Speaking on a show on state broadcaster TVM on Sunday night, Naseer said the incumbent government will not “shy away” from implementing the death penalty despite pressure from foreign countries and human rights organizations.

“We are not one to shy away from implementing the death penalty by showing various excuses. Nothing will stop us from implementing the death penalty as planned,” Naseer said.

He said that while he respected the views of European countries which are calling on the government to continue with the moratorium on the death penalty, he believed that the decision lies solely with the Maldivian government.

“While European countries are speaking against the death penalty based on their set of principles, the US, Indonesia, China are not, even though they are by far the more populated countries. Each country has a separate viewpoint on it, and I understand and respect that. However, I believe there is a need for the death penalty to be implemented here, and come what may, we will implement it”.

The decision to reintroduce implementation of the death penalty  has given rise to public debate.

While Islamic groups have said that capital punishment is a crucial aspect of the Islamic Shari’ah, Mauhadini Sanawi and Azhar University graduate Scholar Al Usthaz Abdul Mueed Hassan previously told Minivan News that Islam is a religion of forgiveness first, and called on the state to abolish the death penalty.

“In taking qisaas, it is prescribed that it must be done in the manner that the crime was committed. Like the metaphor an eye for an eye. Taken in the exact same manner. How can this be done in cases of murder? How can the life of the murderer be taken in the same manner as that of the murdered? This is prescribed so as to discourage the taking of qisaas,” Mueed said at the time.

The government has previously announced that lethal injection is the state’s preferred method of implementing capital punishment.


Witnesses seek to provide alibi for Afrasheem murder suspect

Four witnesses have testified that Ali Shan was at the Jalapeno restaurant on the night that MP Dr Afrasheem Ali was murdered, reports local media.

Shan is accused of killing the moderate religious scholar on October 1, 2012 together with Hussain Human, who was found guilty and sentenced to death by the Criminal Court in January.

At a hearing yesterday, four witnesses for the defence testified that Shan was at the restaurant until 1:15am.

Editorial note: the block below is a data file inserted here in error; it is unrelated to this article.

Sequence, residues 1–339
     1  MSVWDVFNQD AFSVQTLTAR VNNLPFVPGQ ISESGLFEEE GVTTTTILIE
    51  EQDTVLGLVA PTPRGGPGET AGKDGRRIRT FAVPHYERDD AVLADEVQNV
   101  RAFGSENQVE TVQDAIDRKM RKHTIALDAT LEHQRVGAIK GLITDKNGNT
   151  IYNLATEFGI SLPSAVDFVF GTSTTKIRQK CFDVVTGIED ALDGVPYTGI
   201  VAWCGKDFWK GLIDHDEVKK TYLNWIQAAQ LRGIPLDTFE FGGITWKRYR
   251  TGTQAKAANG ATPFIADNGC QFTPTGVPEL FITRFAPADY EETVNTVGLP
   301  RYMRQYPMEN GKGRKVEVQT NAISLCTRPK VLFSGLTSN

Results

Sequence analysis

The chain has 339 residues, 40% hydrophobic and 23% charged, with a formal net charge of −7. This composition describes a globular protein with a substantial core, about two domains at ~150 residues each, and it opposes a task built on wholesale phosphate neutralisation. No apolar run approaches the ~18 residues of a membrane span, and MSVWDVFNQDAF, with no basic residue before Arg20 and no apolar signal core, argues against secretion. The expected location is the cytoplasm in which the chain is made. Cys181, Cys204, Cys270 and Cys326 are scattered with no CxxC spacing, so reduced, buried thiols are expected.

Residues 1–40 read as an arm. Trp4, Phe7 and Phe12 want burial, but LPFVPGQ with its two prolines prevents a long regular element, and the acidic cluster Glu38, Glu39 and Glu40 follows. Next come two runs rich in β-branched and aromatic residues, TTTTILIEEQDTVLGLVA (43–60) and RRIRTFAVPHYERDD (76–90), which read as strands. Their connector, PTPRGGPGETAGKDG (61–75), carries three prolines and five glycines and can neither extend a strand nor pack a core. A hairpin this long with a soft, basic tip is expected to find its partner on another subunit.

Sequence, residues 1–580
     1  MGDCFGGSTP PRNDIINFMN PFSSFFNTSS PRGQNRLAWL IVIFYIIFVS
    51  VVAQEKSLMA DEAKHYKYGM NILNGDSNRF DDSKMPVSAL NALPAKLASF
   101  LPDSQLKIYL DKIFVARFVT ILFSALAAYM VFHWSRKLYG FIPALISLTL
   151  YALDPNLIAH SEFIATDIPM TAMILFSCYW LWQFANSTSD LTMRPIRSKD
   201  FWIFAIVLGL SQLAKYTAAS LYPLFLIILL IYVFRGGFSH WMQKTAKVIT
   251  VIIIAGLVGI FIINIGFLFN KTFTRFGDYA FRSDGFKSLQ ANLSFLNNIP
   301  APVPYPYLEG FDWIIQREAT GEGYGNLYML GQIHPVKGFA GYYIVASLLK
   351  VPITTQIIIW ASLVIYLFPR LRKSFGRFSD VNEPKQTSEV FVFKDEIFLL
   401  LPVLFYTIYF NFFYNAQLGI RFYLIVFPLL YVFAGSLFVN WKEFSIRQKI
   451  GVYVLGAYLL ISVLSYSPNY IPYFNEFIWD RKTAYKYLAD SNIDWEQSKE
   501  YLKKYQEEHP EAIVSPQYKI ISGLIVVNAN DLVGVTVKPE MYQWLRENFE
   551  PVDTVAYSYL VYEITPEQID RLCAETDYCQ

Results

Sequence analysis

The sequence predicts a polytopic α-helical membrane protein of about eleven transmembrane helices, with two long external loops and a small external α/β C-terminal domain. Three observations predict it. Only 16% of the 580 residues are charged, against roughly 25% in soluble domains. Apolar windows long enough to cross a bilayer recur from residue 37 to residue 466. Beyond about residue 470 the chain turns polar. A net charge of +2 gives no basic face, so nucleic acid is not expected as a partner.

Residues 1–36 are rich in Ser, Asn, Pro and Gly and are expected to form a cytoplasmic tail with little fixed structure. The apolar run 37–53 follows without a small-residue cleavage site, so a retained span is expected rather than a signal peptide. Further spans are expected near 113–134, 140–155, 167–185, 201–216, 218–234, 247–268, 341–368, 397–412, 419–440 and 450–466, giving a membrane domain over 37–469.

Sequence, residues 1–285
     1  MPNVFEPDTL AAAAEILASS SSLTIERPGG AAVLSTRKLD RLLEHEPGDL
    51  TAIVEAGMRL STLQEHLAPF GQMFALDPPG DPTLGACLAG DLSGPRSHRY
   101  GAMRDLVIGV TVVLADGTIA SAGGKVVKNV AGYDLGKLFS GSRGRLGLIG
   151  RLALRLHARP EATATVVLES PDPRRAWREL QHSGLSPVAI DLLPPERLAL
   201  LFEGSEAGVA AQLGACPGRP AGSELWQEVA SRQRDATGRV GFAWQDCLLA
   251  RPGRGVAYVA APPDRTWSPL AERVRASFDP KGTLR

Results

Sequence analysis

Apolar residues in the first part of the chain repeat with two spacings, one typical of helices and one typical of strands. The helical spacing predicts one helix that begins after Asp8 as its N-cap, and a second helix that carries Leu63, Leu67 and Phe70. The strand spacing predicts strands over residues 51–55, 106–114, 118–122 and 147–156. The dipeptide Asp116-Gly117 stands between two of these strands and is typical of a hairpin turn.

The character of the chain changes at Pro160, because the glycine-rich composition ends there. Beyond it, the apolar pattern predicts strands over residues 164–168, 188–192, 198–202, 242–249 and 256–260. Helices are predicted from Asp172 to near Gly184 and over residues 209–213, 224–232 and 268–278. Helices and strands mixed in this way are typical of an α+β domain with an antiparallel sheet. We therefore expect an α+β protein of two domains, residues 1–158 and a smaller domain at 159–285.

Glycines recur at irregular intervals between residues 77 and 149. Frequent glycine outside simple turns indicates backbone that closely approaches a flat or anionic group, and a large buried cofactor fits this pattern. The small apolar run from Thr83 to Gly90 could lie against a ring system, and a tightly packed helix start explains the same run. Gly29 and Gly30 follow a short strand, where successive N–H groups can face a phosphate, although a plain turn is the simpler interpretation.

However, there were slight discrepancies in the testimonies. While one witness – Ali Hashim ‘Smith’ – reportedly claimed he joined Shan and four others for a coffee at 11:30pm, a second witness suggested Hashim arrived around 10:30pm.

While the fourth witness said he left Jalapeno with Hashim around 1:00m and went to the Labamba restaurant, Hashim had said he left around 12:30am and went to the Laban restaurant in front of the Hulhumalé ferry terminal.

As a fifth witness failed to appear yesterday, Judge Abdulla Didi said his testimony would be heard at the next trial date.

Judge Didi also refused a request by Shan’s attorney to release the defendant from police custody and said he would announce a date for hearing closing statements at the next hearing.

At a hearing in February, state prosecutors presented evidence against the accused, including two witness testimonies, the confession of Humam, and a recording of a phone call.


MDP MP Ali Waheed calls to exhume body of murdered MP Afrasheem, conduct post-mortem

Maldivian Democratic Party (MDP) Deputy Parliament Group Leader MP Ali Waheed has called on the state to exhume the body of murdered scholar and Progressive Party of Maldives (PPM) MP Dr Afrasheem Ali in order to conduct a post mortem.

Referring to the MP’s murder last year as the “most serious crime ever committed in the Maldives”, Waheed said that various allegations and rumours were being spread to create confusion and suspicion in society about the case.

He said that these allegations had prominently focused on the involvement of certain senior politicians in the crime, including the MDP’s own Chairperson MP ‘Reeko’ Moosa Manik and PPM presidential candidate, MP Abdullah Yameen.

Waheed stated that it was therefore of utmost importance to conduct a post mortem in order to bring an end to this speculation and allegations over the case, while ascertaining the facts around Dr Afrasheem’s murder.